Dragon Walk 2012
I am a member of Cader residential staff and one of the Outdoor Education team at St David’s College, most people will have seen my photographs in the Lion magazine and on the Outdoor Education department’s Facebook page.
To support the Outdoor Education department’s idea that was put to the SDC Parent Teachers Association last year for a new classroom and teaching area, I will be walking the new Wales Coast Path that opens in May this year.
||My walk will now cover 1047 miles instead of the
original 870 miles. My route will now include the Offa’s Dyke starting from
Prestatyn in the north, finishing just outside Chepstow in the south. Then ill
start the Wales Coast path to just outside Chester in the north. I hope to leave on the 10th July, arriving in Chester on around the 3rdSeptember (that’s 8 weeks!).My aim to cover around 18
to 25miles a day and will be carrying all my equipment and clothing.
| The start of this epic adventure will be the Offa’s Dyke National Trail.In its 177miles / 285 kilometres it passes through no less than eight different counties and crosses the border between England and Wales over 20 times. The Trail explores the tranquil Marches (as the border region is known) and passes through the Brecon Beacons National Park on the spectacular Hatterall Ridge. In addition it links no less than three Areas of Outstanding Natural Beauty – the Wye Valley, the Shropshire Hills and the Clwydian Hills.
Although (mad!) people have been rumoured to complete the Trail in four days, more typically two weeks are about right for the whole journey. Of course, many people choose to complete only short sections in day trips or to complete the whole Trail over many weeks, months or years! There are regular places to stay, eat, and drink in the vicinity of the Trail and public transport is available to key points.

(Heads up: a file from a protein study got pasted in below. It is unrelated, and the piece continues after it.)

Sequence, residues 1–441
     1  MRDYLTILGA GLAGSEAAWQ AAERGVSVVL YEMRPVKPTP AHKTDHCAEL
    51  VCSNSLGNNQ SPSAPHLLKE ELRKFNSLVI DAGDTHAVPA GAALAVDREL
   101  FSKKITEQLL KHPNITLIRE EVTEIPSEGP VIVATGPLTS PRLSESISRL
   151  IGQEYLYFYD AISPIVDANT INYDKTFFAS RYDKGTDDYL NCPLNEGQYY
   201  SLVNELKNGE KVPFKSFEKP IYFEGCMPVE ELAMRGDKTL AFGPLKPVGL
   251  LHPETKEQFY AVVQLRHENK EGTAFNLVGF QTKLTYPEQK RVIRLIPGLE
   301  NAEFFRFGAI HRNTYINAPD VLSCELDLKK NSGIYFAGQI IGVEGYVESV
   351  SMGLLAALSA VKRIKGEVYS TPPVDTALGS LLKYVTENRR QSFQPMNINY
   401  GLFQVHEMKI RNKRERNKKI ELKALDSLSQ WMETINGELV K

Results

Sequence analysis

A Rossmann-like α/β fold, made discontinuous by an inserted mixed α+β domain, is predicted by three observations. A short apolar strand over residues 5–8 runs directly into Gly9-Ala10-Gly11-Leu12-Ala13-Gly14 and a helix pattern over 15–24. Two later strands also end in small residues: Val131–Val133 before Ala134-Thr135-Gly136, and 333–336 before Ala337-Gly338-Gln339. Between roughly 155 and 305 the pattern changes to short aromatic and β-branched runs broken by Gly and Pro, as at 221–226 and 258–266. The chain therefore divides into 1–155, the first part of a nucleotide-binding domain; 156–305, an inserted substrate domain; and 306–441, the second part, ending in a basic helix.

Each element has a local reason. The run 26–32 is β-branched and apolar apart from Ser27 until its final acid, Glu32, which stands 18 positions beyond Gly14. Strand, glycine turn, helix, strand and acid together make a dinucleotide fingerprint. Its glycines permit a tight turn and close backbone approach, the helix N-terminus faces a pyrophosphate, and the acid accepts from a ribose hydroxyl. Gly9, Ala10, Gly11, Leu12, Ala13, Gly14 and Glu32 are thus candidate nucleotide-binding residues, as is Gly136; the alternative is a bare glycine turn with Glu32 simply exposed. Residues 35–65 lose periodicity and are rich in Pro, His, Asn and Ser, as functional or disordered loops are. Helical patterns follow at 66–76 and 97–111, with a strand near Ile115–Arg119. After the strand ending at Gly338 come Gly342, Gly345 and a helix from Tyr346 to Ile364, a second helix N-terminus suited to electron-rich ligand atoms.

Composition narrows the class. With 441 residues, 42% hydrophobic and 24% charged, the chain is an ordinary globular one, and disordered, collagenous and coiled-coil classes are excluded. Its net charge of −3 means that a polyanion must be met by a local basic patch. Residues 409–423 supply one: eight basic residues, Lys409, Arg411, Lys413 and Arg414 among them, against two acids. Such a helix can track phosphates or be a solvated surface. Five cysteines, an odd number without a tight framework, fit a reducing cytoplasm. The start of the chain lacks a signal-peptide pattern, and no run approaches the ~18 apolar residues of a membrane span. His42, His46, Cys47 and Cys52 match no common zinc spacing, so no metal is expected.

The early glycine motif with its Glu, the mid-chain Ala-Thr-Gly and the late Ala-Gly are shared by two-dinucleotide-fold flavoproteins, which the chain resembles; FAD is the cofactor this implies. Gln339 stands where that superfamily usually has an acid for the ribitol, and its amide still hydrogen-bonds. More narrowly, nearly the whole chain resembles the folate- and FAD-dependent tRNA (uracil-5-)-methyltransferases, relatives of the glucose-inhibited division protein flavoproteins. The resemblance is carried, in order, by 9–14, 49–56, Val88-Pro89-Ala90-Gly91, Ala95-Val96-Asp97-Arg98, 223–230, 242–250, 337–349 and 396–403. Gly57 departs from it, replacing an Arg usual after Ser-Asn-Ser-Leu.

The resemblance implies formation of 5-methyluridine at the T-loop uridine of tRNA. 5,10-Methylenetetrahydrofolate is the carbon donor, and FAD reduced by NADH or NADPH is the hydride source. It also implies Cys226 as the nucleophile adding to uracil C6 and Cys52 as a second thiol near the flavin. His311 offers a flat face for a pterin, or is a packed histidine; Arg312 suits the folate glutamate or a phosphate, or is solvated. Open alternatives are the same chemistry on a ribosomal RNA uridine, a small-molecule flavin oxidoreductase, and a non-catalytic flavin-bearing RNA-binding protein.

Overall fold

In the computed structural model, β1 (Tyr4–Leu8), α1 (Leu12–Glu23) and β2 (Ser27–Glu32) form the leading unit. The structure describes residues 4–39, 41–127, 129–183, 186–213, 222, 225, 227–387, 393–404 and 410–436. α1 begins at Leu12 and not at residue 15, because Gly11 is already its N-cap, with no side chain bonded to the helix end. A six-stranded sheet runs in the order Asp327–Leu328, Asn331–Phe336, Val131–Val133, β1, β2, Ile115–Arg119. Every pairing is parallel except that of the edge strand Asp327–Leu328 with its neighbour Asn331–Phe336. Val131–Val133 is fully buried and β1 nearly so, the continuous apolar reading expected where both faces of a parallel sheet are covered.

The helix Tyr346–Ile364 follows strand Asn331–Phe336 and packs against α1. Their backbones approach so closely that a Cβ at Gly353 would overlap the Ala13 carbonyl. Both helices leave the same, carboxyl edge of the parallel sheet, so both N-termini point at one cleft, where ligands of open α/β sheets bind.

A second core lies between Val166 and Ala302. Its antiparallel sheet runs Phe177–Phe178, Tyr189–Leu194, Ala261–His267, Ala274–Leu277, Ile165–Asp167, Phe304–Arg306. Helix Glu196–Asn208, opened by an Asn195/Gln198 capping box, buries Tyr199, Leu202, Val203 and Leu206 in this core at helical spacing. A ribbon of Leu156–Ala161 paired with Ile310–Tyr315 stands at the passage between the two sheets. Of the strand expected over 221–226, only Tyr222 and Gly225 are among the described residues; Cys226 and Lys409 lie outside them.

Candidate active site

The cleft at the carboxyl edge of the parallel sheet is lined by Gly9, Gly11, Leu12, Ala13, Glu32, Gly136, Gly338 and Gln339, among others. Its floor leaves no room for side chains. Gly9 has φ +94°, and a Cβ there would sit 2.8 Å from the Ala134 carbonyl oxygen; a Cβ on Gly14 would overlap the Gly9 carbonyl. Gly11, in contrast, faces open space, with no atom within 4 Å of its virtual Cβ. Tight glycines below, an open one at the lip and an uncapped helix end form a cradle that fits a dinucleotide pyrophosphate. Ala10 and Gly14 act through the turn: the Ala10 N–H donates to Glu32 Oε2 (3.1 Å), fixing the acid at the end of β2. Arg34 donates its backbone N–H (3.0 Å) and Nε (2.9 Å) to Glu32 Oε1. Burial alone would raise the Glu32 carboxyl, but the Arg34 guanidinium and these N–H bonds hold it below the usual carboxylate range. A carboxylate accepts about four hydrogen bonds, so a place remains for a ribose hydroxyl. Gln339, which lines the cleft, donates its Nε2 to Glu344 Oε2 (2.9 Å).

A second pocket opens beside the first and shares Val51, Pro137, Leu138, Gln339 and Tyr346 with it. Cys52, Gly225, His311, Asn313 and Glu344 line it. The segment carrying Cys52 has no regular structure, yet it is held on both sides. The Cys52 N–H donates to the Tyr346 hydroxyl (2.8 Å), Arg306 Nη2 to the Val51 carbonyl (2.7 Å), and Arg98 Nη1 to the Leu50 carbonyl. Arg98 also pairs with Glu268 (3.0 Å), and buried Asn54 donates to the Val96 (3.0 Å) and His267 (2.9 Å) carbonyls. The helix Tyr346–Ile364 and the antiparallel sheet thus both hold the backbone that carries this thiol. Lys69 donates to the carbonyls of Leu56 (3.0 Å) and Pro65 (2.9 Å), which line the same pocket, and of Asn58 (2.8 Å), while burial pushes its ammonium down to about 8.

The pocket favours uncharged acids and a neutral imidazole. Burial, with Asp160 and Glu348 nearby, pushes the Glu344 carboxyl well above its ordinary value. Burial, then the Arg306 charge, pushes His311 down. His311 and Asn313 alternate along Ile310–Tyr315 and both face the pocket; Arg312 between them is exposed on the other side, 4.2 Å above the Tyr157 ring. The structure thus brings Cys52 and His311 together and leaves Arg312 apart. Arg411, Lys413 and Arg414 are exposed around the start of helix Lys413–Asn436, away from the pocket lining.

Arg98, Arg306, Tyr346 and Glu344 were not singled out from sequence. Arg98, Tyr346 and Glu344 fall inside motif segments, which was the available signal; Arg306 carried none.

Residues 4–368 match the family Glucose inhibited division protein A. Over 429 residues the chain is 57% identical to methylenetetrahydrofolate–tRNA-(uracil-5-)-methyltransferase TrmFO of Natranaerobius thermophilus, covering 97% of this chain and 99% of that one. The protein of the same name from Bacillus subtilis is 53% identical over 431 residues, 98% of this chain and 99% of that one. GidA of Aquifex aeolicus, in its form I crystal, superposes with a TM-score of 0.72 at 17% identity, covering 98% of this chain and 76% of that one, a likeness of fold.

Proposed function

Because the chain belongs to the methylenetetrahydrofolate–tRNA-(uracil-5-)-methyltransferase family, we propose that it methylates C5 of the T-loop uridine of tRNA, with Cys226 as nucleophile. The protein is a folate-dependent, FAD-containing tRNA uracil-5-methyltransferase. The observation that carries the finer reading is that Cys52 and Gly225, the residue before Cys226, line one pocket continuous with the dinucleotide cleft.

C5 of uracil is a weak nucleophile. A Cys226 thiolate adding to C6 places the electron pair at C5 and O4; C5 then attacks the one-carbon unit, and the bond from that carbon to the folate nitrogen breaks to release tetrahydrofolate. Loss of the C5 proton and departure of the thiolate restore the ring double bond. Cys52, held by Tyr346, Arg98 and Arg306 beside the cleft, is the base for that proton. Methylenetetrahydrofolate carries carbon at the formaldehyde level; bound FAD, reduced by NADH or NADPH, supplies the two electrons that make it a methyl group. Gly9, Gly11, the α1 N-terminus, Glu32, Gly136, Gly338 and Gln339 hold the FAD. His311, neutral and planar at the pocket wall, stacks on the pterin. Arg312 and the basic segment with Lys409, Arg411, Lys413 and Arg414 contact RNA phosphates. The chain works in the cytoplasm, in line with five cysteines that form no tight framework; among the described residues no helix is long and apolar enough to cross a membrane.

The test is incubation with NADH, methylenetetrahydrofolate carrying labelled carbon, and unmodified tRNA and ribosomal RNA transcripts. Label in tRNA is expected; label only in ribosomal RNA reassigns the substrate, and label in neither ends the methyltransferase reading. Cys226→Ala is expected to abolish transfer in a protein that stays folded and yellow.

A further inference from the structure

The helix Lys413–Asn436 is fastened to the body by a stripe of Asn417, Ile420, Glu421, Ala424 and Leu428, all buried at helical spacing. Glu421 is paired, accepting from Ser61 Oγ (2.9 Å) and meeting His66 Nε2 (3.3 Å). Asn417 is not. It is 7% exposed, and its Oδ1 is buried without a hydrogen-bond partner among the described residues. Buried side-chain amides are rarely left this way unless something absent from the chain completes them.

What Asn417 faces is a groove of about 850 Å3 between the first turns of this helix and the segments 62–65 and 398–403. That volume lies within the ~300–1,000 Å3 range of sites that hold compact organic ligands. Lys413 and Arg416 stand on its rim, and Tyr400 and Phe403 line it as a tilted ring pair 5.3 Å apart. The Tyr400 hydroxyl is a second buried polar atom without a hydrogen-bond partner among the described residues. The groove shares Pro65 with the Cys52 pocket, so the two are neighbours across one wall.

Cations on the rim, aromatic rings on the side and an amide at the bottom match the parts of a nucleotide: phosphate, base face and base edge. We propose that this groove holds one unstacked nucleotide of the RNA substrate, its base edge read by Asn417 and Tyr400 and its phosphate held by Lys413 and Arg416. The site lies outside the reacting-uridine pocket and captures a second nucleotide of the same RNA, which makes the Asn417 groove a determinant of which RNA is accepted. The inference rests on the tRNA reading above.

|After the Offa’s Dyke my next LDP will the Pembrokeshire Coast Path National Trail twists and turns its way through 186 miles of the most breathtaking coastal scenery in Britain.From St Dogmaels in the north to Amroth in the south, the trail covers almost every kind of maritime landscape from rugged cliff tops and sheltered coves to wide-open beaches and winding estuaries.|
|After the Pembrokeshire path ill be joining the
|After the Ceredigion Coast Path Ill be joining the Llyn Coastal Path. At 95 miles long, and taking an average of about seven days in all, the Llyn Coastal Path is just about the best excuse we can think of to take a week off work.|
| The final LDP will be the Anglesey Coast Path.The Isle of Anglesey Coastal Path falls within a designated Area of Outstanding Natural Beauty (AONB) which covers 95% of the coast. It passes through landscape that includes a mixture of farmland, coastal heath, dunes, salt-marsh, foreshore, cliffs and a few small pockets of woodland. This includes a National Nature Reserve (NNR).
Length: 125 miles / 200km
Total height gain: 4,174m / 13,695ft
Official start point: St Cybi’s Church, Holyhead (grid ref. SH247 826)
Average no. of days to complete: 12
Towns/villages directly on the path: 20
Possible to complete all sections using public transport: Yes
As all parents and former pupils of the college will know the department offers a wide range of outdoor education and activities to the whole school from Year 6 to our Upper 6th Form, helping each pupil develop and increase not only their personal skills, but also their skills as working as part of team and helping them discover new and challenging adventures in the outdoors that will give them memories that will last them a lifetime.